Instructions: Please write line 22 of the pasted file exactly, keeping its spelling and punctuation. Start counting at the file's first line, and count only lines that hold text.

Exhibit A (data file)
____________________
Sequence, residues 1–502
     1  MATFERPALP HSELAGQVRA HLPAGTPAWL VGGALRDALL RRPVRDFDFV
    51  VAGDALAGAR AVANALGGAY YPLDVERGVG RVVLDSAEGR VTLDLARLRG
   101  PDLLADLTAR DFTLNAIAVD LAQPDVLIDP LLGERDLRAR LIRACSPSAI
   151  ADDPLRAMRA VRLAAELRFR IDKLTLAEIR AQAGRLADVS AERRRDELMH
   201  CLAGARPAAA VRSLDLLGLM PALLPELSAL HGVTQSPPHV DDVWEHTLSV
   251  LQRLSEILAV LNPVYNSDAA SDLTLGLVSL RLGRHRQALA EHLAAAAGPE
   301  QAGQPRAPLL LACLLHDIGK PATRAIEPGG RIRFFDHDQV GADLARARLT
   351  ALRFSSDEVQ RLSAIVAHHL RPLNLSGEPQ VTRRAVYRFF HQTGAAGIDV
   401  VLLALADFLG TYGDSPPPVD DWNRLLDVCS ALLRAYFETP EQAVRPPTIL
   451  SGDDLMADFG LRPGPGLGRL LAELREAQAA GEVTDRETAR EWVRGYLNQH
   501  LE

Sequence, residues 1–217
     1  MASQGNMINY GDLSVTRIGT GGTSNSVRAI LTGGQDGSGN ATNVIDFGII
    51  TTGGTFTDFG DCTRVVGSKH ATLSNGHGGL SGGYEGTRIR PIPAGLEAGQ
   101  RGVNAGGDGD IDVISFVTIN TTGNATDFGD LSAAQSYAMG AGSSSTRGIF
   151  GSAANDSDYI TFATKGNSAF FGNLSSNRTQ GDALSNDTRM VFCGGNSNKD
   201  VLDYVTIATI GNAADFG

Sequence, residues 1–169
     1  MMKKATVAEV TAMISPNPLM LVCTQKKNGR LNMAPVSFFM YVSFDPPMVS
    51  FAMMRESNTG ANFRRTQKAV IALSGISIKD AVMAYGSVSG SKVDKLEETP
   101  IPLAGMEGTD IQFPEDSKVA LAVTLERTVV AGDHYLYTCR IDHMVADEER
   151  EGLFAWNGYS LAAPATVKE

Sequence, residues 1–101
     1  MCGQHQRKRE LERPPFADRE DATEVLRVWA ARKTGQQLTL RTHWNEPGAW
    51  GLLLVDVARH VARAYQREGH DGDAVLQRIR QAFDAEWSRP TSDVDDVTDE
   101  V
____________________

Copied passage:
   101  IPLAGMEGTD IQFPEDSKVA LAVTLERTVV AGDHYLYTCR IDHMVADEER